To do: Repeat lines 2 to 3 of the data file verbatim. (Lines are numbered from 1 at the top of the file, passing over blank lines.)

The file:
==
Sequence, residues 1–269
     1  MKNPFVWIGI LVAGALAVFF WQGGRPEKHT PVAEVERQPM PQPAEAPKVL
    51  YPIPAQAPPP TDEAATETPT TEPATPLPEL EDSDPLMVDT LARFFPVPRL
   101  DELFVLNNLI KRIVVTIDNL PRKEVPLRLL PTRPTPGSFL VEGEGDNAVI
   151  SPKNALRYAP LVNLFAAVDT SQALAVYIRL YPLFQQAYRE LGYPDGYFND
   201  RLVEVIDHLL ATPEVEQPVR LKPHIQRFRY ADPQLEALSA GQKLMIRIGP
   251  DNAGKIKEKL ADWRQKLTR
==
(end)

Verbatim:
     1  MKNPFVWIGI LVAGALAVFF WQGGRPEKHT PVAEVERQPM PQPAEAPKVL
    51  YPIPAQAPPP TDEAATETPT TEPATPLPEL EDSDPLMVDT LARFFPVPRL